Californians endure intense weekend of wildfire fears
GREENVILLE, Calif. (AP) — After four years of homelessness, Kesia Studebaker thought she finally landed on her feet when she found a job cooking in a diner and moved into a house in the small community of Greenville.
She had been renting for three months and hoped the stability would help her win back custody of her 14-year-old daughter. But in just one night, a raging wildfire tore through the mountain town and “took it all away," she said.
Fueled by strong winds and bone-dry vegetation, the Dixie Fire grew to become the largest single wildfire in state history. Residents of the scenic forestlands of Northern California are facing a weekend of fear as it threatens to reduce thousands of homes to ashes.
“We knew we didn't get enough rainfall and fires could happen, but we didn't expect a monster like this,” Studebaker said Saturday.
The fire incinerated much of Greenville on Wednesday and Thursday, destroying 370 homes and structures and threatening nearly 14,000 buildings in the northern Sierra Nevada. It had engulfed an area larger than the size of New York City.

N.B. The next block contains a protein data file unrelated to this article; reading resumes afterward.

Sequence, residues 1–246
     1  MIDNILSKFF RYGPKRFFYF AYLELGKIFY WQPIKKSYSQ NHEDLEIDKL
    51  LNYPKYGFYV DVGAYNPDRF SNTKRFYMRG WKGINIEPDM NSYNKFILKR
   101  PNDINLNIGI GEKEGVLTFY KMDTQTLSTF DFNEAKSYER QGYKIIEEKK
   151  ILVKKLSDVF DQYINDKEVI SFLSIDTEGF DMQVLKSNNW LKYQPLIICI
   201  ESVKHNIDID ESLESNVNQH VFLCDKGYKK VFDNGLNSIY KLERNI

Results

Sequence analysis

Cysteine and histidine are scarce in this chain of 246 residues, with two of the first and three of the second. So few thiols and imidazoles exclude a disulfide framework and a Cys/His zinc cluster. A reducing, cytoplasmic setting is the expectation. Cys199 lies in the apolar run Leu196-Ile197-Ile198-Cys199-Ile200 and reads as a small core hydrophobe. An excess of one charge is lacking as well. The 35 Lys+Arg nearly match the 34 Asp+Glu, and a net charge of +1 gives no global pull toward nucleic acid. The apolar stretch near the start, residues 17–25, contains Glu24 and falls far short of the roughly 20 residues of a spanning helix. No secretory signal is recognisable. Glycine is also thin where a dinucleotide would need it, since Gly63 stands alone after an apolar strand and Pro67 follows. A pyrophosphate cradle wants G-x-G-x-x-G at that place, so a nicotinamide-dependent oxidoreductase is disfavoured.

The Dixie Fire, named for the road where it started, spanned an area of 700 square miles (1,813 square kilometers) Saturday night and was just 21% contained, according to the California Department of Forestry and Fire Protection.
Four firefighters were taken to the hospital Friday after being struck by a fallen branch. More 20 people were initially reported missing, but by Saturday afternoon authorities had contacted all but four of them.
The fire’s cause was under investigation. The Pacific Gas & Electric utility has said it may have been sparked when a tree fell on one of its power lines. A federal judge ordered PG&E on Friday to give details by Aug. 16 about the equipment and vegetation where...